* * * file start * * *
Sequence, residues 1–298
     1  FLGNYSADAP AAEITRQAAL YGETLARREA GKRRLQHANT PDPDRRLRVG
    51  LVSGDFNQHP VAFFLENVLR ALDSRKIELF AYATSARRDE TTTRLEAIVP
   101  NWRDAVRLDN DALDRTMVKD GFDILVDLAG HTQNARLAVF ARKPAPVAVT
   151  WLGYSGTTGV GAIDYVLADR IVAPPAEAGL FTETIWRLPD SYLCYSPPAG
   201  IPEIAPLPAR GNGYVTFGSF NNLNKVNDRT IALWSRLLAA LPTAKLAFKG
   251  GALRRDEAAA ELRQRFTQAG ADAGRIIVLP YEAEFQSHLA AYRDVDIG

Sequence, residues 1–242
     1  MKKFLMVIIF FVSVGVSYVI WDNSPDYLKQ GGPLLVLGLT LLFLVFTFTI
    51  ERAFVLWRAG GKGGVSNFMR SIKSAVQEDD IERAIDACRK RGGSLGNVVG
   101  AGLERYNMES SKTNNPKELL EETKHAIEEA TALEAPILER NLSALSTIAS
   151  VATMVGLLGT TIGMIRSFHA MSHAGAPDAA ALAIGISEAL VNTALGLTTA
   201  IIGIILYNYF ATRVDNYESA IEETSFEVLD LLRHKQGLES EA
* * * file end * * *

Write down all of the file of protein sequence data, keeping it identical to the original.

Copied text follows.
Sequence, residues 1–298
     1  FLGNYSADAP AAEITRQAAL YGETLARREA GKRRLQHANT PDPDRRLRVG
    51  LVSGDFNQHP VAFFLENVLR ALDSRKIELF AYATSARRDE TTTRLEAIVP
   101  NWRDAVRLDN DALDRTMVKD GFDILVDLAG HTQNARLAVF ARKPAPVAVT
   151  WLGYSGTTGV GAIDYVLADR IVAPPAEAGL FTETIWRLPD SYLCYSPPAG
   201  IPEIAPLPAR GNGYVTFGSF NNLNKVNDRT IALWSRLLAA LPTAKLAFKG
   251  GALRRDEAAA ELRQRFTQAG ADAGRIIVLP YEAEFQSHLA AYRDVDIG

Sequence, residues 1–242
     1  MKKFLMVIIF FVSVGVSYVI WDNSPDYLKQ GGPLLVLGLT LLFLVFTFTI
    51  ERAFVLWRAG GKGGVSNFMR SIKSAVQEDD IERAIDACRK RGGSLGNVVG
   101  AGLERYNMES SKTNNPKELL EETKHAIEEA TALEAPILER NLSALSTIAS
   151  VATMVGLLGT TIGMIRSFHA MSHAGAPDAA ALAIGISEAL VNTALGLTTA
   201  IIGIILYNYF ATRVDNYESA IEETSFEVLD LLRHKQGLES EA